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Google expansion helps economy, hurts stock price
SAN FRANCISCO (AP) - Google Inc. is doing its part to stimulate the economy and hurting its stock in the process.
With its payroll swelling at the fastest rate in four years, some of Google’s expenses are climbing faster than its revenue.
That’s creating a drag on its earnings, which is pulling down the Internet search leader’s stock price.
Consider Google’s second-quarter results released late Thursday. Both net income and revenue rose 24 percent from the previous year, but that didn’t impress investors because the earnings missed the target set by analysts.
Google shares dropped $23.32, or 4.7 percent, in Friday premarket trading. The stock had closed Thursday at $494.02 and declined in extended trading.
Here’s the main reason for the earnings letdown: Google is spending more to maintain its commanding lead in Internet search while it also tries to diversify by developing products in other promising niches such as online video, mobile devices and computer operating systems. To help achieve its goals, the company added nearly 1,200 employees in the second quarter to end June with more than 21,800 workers.
Google, based in Mountain View, has hired nearly 2,000 workers through the first half of the year, putting it on pace to add the most people to its payroll since 2006 when it ushered in 6,100 new employees in 12 months.
The European debt crisis also worked against Google in the April-June period.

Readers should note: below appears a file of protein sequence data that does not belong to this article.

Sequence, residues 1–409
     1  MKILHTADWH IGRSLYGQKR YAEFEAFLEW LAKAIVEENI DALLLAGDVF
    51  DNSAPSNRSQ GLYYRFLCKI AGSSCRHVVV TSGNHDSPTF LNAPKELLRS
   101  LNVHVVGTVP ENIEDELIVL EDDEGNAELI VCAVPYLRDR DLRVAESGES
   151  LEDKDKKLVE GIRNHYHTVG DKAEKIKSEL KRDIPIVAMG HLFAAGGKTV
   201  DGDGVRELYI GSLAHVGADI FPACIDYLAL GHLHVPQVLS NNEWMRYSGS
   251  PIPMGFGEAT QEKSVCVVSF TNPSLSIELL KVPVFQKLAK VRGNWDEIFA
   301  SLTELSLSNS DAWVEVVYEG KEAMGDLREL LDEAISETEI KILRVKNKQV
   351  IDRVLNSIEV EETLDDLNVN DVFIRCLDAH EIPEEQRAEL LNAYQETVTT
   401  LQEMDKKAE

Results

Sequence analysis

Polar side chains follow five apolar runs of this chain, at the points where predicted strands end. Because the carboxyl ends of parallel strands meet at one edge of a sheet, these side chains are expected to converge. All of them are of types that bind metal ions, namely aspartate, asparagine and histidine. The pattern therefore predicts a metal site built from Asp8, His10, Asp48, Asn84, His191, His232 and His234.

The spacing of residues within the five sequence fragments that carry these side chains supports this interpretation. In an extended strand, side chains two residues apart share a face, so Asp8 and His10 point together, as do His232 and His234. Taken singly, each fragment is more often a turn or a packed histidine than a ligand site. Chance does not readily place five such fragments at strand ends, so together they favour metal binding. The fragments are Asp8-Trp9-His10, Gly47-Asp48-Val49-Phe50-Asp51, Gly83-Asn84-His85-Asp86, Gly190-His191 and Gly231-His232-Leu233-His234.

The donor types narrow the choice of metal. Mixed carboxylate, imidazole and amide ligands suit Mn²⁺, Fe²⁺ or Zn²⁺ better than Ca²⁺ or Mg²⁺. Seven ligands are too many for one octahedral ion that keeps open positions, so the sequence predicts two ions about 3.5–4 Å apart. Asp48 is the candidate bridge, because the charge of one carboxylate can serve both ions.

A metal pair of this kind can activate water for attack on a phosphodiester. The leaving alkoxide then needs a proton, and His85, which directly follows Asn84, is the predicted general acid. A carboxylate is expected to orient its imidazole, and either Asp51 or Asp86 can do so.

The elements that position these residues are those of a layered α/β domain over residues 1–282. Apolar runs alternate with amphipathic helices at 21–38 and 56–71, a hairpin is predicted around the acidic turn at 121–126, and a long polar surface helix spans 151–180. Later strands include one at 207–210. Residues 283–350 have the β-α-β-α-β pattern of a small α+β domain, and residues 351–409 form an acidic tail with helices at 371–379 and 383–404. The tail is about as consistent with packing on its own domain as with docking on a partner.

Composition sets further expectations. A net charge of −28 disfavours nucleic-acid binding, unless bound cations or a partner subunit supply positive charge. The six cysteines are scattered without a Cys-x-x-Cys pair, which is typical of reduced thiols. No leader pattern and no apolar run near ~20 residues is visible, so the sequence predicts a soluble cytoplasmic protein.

Those fears hurt Google because about one-third of the company’s revenue comes from Europe, and customer payments made with the euro translated into fewer dollars than a year ago. Even so, the currency squeeze wasn’t as severe as some analysts anticipated.
The dollar seems more likely to weaken than Google’s commitment to bring in more engineers and sales representatives to peddle the online ads that generate most of the company’s income.
Without making specific projections, Google’s management left little doubt substantially more people will be joining the company in the months ahead as it pursues long-term opportunities.
“Google is building a business not for this quarter or the next quarter, but an infrastructure for the next half-decade to decade,” Patrick Pichette, Google’s chief financial officer, said in an interview late Thursday. “What a great moment for us to invest to create these fantastic products that everybody is going to live on.”
Even as Google sacrifices earnings growth, it is accumulating more cash. Google had $30 billion at the end of June, up from $26.5 billion. And it might not even use that money to invest in new technology or buy more companies. That’s because the company revealed Thursday that it may borrow up to $3 billion on the premise that its money managers can realize investment returns that outstrip its borrowing costs.
Although Google remains the Internet’s most profitable company, investors have been fretting about signs of decelerating growth amid stiffer competition from Apple Inc., Facebook and Microsoft Corp. On top of those challenges, a showdown over online censorship in China has muddied Google’s future prospects in the world’s most populous country.
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